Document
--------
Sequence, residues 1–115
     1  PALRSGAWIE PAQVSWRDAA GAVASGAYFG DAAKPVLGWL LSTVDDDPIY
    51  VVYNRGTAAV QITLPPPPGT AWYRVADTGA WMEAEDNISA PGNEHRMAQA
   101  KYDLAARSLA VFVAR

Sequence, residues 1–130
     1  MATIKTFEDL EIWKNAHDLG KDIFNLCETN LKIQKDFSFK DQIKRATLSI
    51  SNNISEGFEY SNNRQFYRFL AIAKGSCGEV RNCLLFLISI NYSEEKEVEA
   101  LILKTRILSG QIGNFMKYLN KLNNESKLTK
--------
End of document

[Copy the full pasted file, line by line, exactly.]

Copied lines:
Sequence, residues 1–115
     1  PALRSGAWIE PAQVSWRDAA GAVASGAYFG DAAKPVLGWL LSTVDDDPIY
    51  VVYNRGTAAV QITLPPPPGT AWYRVADTGA WMEAEDNISA PGNEHRMAQA
   101  KYDLAARSLA VFVAR

Sequence, residues 1–130
     1  MATIKTFEDL EIWKNAHDLG KDIFNLCETN LKIQKDFSFK DQIKRATLSI
    51  SNNISEGFEY SNNRQFYRFL AIAKGSCGEV RNCLLFLISI NYSEEKEVEA
   101  LILKTRILSG QIGNFMKYLN KLNNESKLTK